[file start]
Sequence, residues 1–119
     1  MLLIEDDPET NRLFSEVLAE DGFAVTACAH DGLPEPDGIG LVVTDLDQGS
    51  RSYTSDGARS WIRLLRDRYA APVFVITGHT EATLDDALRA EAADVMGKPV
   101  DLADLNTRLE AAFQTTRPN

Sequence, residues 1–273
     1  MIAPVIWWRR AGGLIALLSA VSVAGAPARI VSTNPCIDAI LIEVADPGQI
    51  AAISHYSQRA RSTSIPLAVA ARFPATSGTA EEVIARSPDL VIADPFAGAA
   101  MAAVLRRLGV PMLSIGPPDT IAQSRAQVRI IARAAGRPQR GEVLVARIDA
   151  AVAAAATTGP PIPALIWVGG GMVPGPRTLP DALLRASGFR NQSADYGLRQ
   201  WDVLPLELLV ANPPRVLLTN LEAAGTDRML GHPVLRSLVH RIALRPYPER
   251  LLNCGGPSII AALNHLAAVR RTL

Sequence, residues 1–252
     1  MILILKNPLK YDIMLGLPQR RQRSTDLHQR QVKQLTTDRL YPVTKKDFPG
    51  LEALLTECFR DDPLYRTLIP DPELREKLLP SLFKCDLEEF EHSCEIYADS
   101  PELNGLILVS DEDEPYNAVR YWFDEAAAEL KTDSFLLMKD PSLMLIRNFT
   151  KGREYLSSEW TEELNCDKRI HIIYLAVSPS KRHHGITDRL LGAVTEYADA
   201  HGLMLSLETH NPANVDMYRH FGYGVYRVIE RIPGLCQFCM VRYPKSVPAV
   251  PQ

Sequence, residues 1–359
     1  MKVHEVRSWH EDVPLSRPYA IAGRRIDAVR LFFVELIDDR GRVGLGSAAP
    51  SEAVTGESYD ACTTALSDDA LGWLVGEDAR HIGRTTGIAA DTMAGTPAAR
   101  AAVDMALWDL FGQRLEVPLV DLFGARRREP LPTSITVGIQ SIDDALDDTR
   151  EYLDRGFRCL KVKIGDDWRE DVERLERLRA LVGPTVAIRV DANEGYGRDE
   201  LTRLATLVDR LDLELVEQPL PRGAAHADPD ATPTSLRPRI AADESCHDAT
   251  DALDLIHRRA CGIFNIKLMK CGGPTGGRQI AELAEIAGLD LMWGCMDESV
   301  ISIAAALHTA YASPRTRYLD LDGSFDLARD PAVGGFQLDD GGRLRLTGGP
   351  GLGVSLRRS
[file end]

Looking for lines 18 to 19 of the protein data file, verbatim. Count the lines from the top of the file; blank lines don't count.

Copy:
   251  PQ

Sequence, residues 1–359